Truly open source ai model

Does anyone know about a truely opensource ai model and trained with open data set and usable good quality.

I find llama2 meta
Mixtral 8x b
And openchat

The Allen Institute published OLoMo:


Llama2 by meta is also fully opensource with opensource licence what is the difference between this two.
And openchat is also fully open-source
What is the difference between them also.

:thinking: Did you read through it?

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Can you elaborate

do you guys think in the short time these open source models will be integrated to linux desktops like how windows is doing ?

Although Meta refers to it as “open source”, it is not under an open source license. See


Different tools already integrate them, I saw this for vim, for example:

I guess by “Linux desktops” we mean the different desktop environments—Gnome/KDE etc. I haven’t looked to see if they are looking at integrating these.

For any one that has used these on Windows—what new functionality does it really give?

Also as far as I remember Meta had its model leaked, and opensourced it afterwards to turn around the scandal. Pretty smart, but I dont have sources yet.

There are certainly some very interesting things to navigate here! OLMo is impressive in that they (as far as I can see) meet everything in the Open Source Initiative’s current draft definition of Open Source AI — the model and weights and parameters, and training code and details, and the training set.

Mistral, by contrast, has an openly-licensed model and weights, but it gets murky past there.

Our current stance on this is that these models constitute content rather than code (see Fedora Legal Docs: Licenses Allowed for Content). (And, you’ll find llama on the Not-Allowed LIcense List.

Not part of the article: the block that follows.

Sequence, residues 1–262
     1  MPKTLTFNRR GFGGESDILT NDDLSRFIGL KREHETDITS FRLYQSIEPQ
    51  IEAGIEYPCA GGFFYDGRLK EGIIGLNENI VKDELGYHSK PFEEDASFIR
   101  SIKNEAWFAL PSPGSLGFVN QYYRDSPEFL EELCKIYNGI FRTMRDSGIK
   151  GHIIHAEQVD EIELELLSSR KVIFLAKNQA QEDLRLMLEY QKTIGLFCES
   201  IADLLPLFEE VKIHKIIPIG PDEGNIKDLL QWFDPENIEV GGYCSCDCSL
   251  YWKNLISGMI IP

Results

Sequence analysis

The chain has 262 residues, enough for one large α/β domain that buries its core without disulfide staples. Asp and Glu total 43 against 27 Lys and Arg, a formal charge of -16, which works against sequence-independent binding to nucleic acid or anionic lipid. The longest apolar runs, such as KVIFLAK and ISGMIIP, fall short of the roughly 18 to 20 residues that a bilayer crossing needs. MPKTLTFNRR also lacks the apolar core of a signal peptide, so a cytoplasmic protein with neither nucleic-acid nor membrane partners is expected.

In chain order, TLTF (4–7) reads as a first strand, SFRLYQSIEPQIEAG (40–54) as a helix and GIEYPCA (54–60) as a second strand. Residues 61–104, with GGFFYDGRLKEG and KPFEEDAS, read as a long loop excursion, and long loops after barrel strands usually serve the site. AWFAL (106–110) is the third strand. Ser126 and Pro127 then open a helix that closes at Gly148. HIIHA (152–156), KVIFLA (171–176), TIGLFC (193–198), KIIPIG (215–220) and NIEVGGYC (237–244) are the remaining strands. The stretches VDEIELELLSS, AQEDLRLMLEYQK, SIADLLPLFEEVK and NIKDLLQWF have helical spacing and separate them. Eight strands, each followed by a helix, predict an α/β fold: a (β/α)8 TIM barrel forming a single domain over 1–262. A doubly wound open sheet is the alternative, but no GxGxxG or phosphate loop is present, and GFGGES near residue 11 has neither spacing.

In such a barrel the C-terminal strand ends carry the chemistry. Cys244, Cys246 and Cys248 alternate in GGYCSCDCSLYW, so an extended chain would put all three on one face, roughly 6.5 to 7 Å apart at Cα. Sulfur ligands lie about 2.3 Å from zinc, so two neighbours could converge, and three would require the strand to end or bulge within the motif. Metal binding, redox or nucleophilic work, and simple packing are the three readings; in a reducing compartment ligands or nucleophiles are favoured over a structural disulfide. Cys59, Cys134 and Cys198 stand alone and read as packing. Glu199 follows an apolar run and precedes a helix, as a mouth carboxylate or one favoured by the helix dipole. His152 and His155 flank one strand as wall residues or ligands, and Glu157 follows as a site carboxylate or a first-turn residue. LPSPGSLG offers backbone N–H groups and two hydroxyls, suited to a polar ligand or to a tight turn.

We may develop other guidelines about we want for Fedora policies above and beyond this, though. I think we want to strongly encourage truly Open Source AI, but the “content” policy makes sense to me.

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Why not for those have the hardware they can toggle that on or off to install a small model which is around 2b like 2gb and use it locally.

If Fedora, Ubuntu, Red Hat, SUSE don’t integrate AI features mainly llm chat like stuff into their desktops within the next two years, Linux desktops could fall behind the competition.

As you are seeing the growth of desktop to keep that constant this is important.
And i think @mattdm @ankursinha will also agree with it.

With data privacy as it runs locally.unlike copilot which collect data you use it or not even in server os.

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I don’t quite see how distributions can “integrate AI features”—they don’t develop the software. As in, what part of the distribution should be AI enabled? Different apps can be, even desktop environments, but Fedora doesn’t develop any of that—upstream developers do.

I haven’t yet seen a use case where “AI” has helped on a desktop computer—what does it do there, even on Windows? It’s cool yeh, but what functions does it carry out?

No that assumes everyone wants AI integration.

I think:

Good GUI > AI assisted GUI > AI assisted TUI > TUI

(GUI means graphical user interface, the desktops. TUI means the terminal)

I rely on ChatGPT a lot to do complex stuff or just to get the needed syntax for CLI tools.

Problematic here is

  • the data is random and often wrong
  • the model is huge and not single purpose (waste of money)
  • the data is outdated